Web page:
Do Bed Bugs Hate Yellow and Green?
The authors of the study stated that yellow and green were the least preferred colors. They may have also been “somewhat repellent to bed bugs.” This effect has been seen in previous studies, too.
The probable reason why is that yellow is a daylight color. It’s bright, and reminiscent of sunlight. Bed bugs do everything they can to avoid sunlight. So, at some deep level, they avoid yellow because it reminds them of the light.
The same applies to green. Bed bugs don’t like green because it’s the color of plants. Bed bugs are indoor pests, so they will avoid going outside or laying their eggs outside.
This is backed up by the fact that other insects dislike yellow and green too. Studies have been done on various other bloodsucking insects such as mosquitoes and sand flies. Both dislike green and yellow. Even regular bugs like houseflies and weevils don’t like these colors.
How to Get Rid of Bed Bugs with Color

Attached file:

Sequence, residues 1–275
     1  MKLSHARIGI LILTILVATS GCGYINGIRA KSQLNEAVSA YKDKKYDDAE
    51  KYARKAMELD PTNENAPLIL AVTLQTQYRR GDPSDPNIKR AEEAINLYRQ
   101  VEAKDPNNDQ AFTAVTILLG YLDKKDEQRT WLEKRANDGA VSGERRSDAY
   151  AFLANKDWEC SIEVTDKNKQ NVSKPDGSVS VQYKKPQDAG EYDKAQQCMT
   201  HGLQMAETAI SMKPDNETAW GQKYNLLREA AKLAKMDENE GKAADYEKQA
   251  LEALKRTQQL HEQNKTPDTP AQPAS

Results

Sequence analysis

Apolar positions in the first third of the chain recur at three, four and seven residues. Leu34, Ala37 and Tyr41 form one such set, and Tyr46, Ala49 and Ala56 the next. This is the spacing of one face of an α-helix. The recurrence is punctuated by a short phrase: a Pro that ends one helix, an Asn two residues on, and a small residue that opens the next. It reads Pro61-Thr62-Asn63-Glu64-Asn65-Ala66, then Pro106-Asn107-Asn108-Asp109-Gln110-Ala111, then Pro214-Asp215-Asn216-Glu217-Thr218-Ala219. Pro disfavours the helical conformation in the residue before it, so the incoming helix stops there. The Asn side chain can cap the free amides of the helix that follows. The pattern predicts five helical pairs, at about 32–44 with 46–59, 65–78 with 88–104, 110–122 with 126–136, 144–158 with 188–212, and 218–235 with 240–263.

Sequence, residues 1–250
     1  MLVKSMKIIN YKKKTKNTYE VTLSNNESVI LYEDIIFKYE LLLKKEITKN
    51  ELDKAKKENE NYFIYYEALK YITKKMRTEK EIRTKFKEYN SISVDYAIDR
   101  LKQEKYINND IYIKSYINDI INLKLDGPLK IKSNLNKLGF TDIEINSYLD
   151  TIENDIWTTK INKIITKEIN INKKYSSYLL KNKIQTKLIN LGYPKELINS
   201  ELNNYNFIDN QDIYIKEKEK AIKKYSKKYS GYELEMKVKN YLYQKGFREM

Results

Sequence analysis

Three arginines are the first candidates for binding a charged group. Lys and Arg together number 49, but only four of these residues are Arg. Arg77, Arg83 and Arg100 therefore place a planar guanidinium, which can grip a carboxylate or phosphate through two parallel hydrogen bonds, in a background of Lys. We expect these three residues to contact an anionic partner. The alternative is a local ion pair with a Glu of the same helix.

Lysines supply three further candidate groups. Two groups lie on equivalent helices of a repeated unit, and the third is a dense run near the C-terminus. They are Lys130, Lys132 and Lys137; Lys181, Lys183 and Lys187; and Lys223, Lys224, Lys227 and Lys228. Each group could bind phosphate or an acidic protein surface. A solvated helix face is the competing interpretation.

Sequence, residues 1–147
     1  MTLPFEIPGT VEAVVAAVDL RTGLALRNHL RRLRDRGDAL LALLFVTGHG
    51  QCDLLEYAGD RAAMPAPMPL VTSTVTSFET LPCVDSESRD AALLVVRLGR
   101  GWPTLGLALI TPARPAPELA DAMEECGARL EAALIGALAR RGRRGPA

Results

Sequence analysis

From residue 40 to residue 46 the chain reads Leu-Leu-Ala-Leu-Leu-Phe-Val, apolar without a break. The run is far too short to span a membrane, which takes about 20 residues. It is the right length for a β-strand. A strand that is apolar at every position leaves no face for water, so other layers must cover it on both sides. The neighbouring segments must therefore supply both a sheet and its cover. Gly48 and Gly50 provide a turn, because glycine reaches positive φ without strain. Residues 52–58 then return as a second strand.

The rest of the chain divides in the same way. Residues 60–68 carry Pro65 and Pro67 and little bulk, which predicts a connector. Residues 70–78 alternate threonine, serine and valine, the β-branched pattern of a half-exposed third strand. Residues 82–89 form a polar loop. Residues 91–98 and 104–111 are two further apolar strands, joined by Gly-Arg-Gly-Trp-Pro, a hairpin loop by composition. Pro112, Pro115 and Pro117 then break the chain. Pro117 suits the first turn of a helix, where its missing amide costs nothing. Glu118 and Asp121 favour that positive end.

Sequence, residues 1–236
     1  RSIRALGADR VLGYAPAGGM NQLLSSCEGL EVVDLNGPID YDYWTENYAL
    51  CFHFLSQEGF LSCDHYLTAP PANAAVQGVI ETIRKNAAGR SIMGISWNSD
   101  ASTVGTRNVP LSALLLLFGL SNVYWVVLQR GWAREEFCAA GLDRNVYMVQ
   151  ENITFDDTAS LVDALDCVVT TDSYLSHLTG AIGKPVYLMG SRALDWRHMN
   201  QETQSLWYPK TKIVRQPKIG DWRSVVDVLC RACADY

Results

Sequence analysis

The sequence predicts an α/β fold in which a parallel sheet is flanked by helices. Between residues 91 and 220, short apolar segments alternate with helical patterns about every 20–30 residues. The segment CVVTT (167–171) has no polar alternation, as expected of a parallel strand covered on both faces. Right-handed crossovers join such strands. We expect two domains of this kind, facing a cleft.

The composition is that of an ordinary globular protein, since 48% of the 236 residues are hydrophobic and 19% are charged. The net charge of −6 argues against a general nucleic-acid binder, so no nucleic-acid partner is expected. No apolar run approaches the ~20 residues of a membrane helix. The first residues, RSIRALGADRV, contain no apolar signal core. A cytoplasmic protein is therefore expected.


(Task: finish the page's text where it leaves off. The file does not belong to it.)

It’s unclear how exactly these findings are relevant to the real world. But it’s likely that you could use these facts to your advantage.
You could change the color of your bedding, for example. Having white sheets is a good idea for many reasons:
- They might repel bed bugs. If you were to carry a lone bed bug home accidentally, they might think twice about infesting your bed.
- If you were searching for bed bugs, it would be easy to see them against a white sheet.
- If you were searching for signs of bed bugs, e.g., feces, again these would show up.
- Having white sheets encourages you to change them, since they don’t hide dirt. Regularly changing sheets limits bed bug infestations.
So, while it’s not clear that white sheets repel bed bugs, they still have advantages. You should, therefore, switch if you haven’t already.
Other Ways to Repel Bed Bugs with Color
The paper describes one more possible way that color could repel bed bugs. The idea is that since bed bugs are attracted to certain colors, you should use those colors in lures.
There are existing lures that people already use. These draw bed bugs in, either by producing warmth or carbon dioxide. To make these traps even more alluring, the scientists suggested making them from a material in a color they like. Red or black would be best.
If you’re thinking of using lures in your home, do. They’re an excellent way to kill lone bed bugs trying to start an infestation in your mattress.
But if you do, pick ones that are the right colors, i.e., red or black. It’s likely that they’ll work better.